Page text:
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  • Profile picture of the author Lisa Gergets
    I tend to read above the fold and if I like what I see, scroll all the way down to the price.
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    • Profile picture of the author Claude
      Originally Posted by TinkerAndPo View Post

      I tend to read above the fold and if I like what I see, scroll all the way down to the price.
      I do this as well. I look for to many hard sales verbiage. The more hard sales wording, the less likely I'm to consider it. If the copy has good information however, then I may read it and consider the offer.

      The one thing that kills it for me though is the checks and Clickbank statements claiming that a product will deliver xxxx money, then at the bottom, there's the "results not typical" type disclaimer. The copy giveth and the small print disclaimer takes it away. LOL.
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  • Profile picture of the author Joe Fier
    As much as people may be interested in a product, I don't think that solely written sales pages are the best way to sell a product. Wouldn't ANY potential customer be more interested in watching an informative video that completely explains the product and gives them an inside look as to what they might buy?

    There have been many people that have compared results from tests between written sales pages and video sales pages... and the video pages KILLS the other in terms of conversions.

    I could say, just has other have said, that I have not completely read many sales letters, even when I was interested in the product. I'd much rather sit and have the product explained and displayed in front of me... not having to put any extra effort in during the buying process.

    I'm sure some others could relate...
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    • Profile picture of the author Alexa Smith
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      • Profile picture of the author yourreviewer
        Originally Posted by alexa_s View Post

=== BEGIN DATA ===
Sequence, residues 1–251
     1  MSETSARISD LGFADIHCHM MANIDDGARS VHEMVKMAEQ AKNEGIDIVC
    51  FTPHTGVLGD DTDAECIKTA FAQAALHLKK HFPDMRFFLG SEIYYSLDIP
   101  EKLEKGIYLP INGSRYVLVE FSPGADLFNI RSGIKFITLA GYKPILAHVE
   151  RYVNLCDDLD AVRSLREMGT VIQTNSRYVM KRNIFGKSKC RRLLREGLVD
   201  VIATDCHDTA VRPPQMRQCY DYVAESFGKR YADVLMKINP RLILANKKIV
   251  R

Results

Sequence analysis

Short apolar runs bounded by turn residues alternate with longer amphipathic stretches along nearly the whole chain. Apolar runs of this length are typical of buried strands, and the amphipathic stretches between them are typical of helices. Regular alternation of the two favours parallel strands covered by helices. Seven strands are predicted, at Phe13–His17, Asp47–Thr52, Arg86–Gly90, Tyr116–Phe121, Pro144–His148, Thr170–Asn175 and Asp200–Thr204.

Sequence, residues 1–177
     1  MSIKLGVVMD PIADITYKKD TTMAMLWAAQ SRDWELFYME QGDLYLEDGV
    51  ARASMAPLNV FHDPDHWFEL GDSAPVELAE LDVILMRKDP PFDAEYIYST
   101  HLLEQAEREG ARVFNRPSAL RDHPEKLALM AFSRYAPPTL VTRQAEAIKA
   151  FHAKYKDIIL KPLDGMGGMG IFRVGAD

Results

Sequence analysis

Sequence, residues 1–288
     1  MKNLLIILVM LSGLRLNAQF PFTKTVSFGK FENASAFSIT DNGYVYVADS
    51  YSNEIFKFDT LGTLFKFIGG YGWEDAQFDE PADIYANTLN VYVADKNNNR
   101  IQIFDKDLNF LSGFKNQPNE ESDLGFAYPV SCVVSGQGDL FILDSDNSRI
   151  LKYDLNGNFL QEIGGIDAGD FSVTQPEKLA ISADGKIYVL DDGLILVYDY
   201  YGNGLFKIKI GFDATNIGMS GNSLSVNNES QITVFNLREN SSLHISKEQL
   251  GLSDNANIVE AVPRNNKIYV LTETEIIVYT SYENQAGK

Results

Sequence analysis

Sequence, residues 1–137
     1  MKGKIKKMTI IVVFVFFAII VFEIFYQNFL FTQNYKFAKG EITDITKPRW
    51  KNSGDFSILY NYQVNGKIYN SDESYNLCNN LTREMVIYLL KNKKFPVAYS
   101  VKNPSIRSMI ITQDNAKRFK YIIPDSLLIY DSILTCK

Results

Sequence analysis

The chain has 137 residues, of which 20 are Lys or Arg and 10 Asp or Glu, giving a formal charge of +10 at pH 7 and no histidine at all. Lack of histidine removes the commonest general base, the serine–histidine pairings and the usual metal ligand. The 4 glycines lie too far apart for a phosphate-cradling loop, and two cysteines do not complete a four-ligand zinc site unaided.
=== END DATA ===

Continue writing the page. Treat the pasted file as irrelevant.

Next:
Nope. Some people will immediately close the page if there's video on it. I see them posting in several forums saying so, and I have no reason to imagine that they're making it up. I particularly dislike videos myself, too, and am less likely to buy from a sales page with video, though they don't lose me right off the bat as they lose some people.

        Obviously I'm not suggesting that you lose more than you gain by having video. But you do lose some people.



        I don't doubt it.
        Again it depends on the niche. But videos do help in better conversions.
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    • Profile picture of the author Rueann42
      Originally Posted by Joe Fier View Post

      As much as people may be interested in a product, I don't think that solely written sales pages are the best way to sell a product. Wouldn't ANY potential customer be more interested in watching an informative video that completely explains the product and gives them an inside look as to what they might buy?

      There have been many people that have compared results from tests between written sales pages and video sales pages... and the video pages KILLS the other in terms of conversions.

      I could say, just has other have said, that I have not completely read many sales letters, even when I was interested in the product. I'd much rather sit and have the product explained and displayed in front of me... not having to put any extra effort in during the buying process.